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Simulator Training: The Future? Mike Larvin RCS Director of Education Professor of Surgery University of Nottingham at Derby.

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Presentation on theme: "Simulator Training: The Future? Mike Larvin RCS Director of Education Professor of Surgery University of Nottingham at Derby."— Presentation transcript:

1 Simulator Training: The Future? Mike Larvin RCS Director of Education Professor of Surgery University of Nottingham at Derby

2 Imitation of reality for research, testing, training or education Requires: valid source information simplifying approximations and assumptions validity, reliability, fidelity Simulation

3 Technological triggers: Cold war “Tennis for Two” (1957) Higinbotham (Brookhaven) used missile trajectories Sputnik 1 (1957) Launched atop a modified ballistic missile

4 UG: less practical surgery PG1-2: foundation years PGY3-4: core MRCS PGY5-8+: specialty FRCS Less experience, WTD New technologies to learn Patients and trainees have changed Surgical training has changed

5 medical errors kill 98,000 people annually $37 to $50 billion for adverse events resident 80h week, less direct interaction bioterrorism threats and crisis management Public drivers US IOM 2004

6 Generation ‘X’ = most of you Followed ‘baby boomer’ generation Born 1961 to 1981, ‘13 th US generation’ - premarital sex, atheistic, republican, less respect for parents and authority - greater formal education Generation X: Tales for an Accelerated Culture Douglas Coupland, 1991

7 Followed ‘Generation X’ Born early 1980s to mid-1990s - rapid communication, peer orientation, instant gratification, stimulating work - family breakdown, tech-savvy, ‘open’ Hunter-Gatherers of the Knowledge Economy David Berreby, 1999 Generation ‘Y’ = junior trainees

8 Followed ‘Generation Y’ Born early mid-1990s to 2000s - baby boomlet - highly connected, lifelong use of comms and media technologies such as WWW - “digital natives”: instant messaging, texting, MP3, mobile phones, YouTube Grown Up Digital: How the Net Generation is Changing Your World Don Tapscott 2009 Generation ‘Z’ = coming soon

9 Trainees still require: Knowledge they prefer e-learning Skills technical, decisions, comms: like simulation Structure curriculum and assessment: online is fine

10 STEP ® Foundation and Core MMC and ISCP competences MRCS preparation 8 A4 printed modules e-learning, video, web simulation e-community and college days

11 Courses and programmes Medical SchoolF1/F2ST1/2ST3/4ST5/6Consultant Plus Anatomy ATLS® BSS, FSS, SSS CCrISP® Communication STEP® Core STEP® Foundation Core Specialty Skills Core Surgical Sciences e-Surgery (DoH) Aesthetics Plastics Breast Cardiothoracics Coloproctology Emergency & Trauma OMFS Orthopaedics Otorhinolaryngology Urology MIS Neurosurgery Paediatrics Vascular Surgery Professional Practice - Training the Trainers - Training and Assessment in Practice Executive Leadership SAS Leadership Professional Forum Research Network International Network Operating Theatre Team Project Military Operations Surgical Training (MOST - MoD)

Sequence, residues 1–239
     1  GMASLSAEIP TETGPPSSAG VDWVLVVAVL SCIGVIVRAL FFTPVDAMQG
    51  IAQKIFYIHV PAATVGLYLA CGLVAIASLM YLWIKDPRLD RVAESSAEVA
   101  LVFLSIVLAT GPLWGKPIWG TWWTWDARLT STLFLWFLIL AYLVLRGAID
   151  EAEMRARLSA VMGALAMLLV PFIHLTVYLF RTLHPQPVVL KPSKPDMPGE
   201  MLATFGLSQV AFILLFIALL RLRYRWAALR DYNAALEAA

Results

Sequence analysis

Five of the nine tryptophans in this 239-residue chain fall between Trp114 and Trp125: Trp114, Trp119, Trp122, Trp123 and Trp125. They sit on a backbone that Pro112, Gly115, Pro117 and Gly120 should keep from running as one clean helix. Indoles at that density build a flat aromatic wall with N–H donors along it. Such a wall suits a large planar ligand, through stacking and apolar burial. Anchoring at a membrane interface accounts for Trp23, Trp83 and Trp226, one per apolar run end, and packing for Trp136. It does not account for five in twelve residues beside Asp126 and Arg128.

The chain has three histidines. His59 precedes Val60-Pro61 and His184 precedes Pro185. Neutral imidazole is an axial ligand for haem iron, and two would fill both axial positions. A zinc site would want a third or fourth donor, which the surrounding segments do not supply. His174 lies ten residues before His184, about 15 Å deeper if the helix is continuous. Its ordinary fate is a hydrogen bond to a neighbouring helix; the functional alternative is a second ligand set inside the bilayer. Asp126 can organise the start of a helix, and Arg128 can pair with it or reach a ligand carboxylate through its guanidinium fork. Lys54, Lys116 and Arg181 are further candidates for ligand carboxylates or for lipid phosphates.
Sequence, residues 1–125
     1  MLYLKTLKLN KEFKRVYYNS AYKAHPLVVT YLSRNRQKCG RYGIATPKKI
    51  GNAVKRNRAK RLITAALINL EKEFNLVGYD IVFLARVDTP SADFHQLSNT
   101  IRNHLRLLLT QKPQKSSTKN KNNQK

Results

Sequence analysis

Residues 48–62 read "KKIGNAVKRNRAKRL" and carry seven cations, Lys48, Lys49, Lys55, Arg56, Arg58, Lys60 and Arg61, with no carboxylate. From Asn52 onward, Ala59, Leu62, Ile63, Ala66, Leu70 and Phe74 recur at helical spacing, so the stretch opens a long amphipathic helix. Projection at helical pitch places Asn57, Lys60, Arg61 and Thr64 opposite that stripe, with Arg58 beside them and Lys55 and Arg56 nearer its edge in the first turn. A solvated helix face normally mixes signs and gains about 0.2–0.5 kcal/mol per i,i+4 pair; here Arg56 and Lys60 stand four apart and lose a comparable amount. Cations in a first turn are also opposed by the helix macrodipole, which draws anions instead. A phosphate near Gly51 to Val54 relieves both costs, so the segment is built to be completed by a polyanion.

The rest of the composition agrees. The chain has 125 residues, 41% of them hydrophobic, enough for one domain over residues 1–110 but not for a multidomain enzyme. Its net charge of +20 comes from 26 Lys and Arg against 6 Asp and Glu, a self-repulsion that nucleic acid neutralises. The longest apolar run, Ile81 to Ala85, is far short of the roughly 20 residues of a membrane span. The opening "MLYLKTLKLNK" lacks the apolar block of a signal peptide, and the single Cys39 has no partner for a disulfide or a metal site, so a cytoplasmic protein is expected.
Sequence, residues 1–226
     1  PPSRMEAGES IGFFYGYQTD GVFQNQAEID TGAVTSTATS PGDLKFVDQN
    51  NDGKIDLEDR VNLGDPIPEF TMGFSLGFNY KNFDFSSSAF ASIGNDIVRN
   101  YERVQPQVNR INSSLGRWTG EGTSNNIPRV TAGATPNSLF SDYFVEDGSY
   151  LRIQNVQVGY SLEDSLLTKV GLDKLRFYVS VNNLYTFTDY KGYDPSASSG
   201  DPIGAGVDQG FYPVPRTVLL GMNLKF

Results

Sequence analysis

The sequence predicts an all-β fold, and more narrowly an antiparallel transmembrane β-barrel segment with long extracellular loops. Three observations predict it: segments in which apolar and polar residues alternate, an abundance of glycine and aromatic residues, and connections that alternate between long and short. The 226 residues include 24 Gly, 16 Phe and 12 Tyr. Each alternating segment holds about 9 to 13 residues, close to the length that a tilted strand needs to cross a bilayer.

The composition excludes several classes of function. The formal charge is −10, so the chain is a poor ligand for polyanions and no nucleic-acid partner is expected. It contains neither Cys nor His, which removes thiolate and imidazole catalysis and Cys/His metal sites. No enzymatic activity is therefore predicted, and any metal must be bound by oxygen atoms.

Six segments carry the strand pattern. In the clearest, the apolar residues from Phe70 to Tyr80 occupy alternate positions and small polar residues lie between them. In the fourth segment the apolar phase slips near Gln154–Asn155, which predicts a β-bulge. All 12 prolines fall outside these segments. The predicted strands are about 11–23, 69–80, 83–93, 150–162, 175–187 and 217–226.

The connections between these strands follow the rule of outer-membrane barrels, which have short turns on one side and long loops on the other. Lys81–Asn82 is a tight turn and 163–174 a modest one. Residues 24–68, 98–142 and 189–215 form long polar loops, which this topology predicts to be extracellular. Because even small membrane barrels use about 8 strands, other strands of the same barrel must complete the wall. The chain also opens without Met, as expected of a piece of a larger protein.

12 College courses RegionalCollegeTotal CoursesParticipantsCoursesParticipants

13 anatomy, physiology, history, behaviour, physical findings cadavers, prosections, plastinates plastics animal tissue Active simulation

14 ‘Human in the loop’ simulation Ideal when: real environment too expensive or risky need to learn in "safe" environment test mistakes in safety-critical systems ‘type change’ after basic pilot training Interactive simulation

15 ‘live’: real people, simulated kit, real world hi-fidelity, samples likely performance ‘virtual’: real people, simulated kit and world VR training ‘constructive’: sim people, kit and world behavioural training and assessment Training simulation types

16 Sim Man 3g (Laerdel) life-sized mannequin responds to injected drugs programmed for life threatening emergencies can be changed ‘on the fly’ High-fidelity live simulation

17 1985, K Semm’s ‘pelvi-trainer’ for laparoscopy Haptics included ἅ πτεσθαι - to “contact” or “touch” Laparoscopy

18 visual components by computer graphics touch components by haptic feedback input/output: force feedback could be widely distributed via standard web browsers with standard game joysticks Virtual simulators

19 2010: Symbionix ‘Laparotrainer’ for laparoscopy Haptics not included Laparoscopy

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21 Largest capital project since post-war rebuilding Eagle project

22 Wolfson Surgical Skills Centre anatomy teaching procedural simulation

23 Simulation Centre skills laboratory minimal access, critical care operating theatre

24 Synthetics and animal tissue

25 Minimal access and critical care

26 Operating theatre

27 Teaching suite

28 Lower cost simulation

29 improved health outcomes, reduced errors reduced health care costs, enhanced quality better skills, lower malpractice rates more flexible training at correct pace allows practice and mistakes, improves skills without consequence to the patient Benefits

30 Despite their proven effectiveness, junior surgeons usually have to pay to attend courses from their own pocket Donaldson, 2009 Costs

31 Simulator training: the future? More simulation, improved models Expensive, collaboration makes sense Preparation for work-based training NOT a substitute for the ‘real thing’ More versatile than patient-based training Useful in standardising assessment

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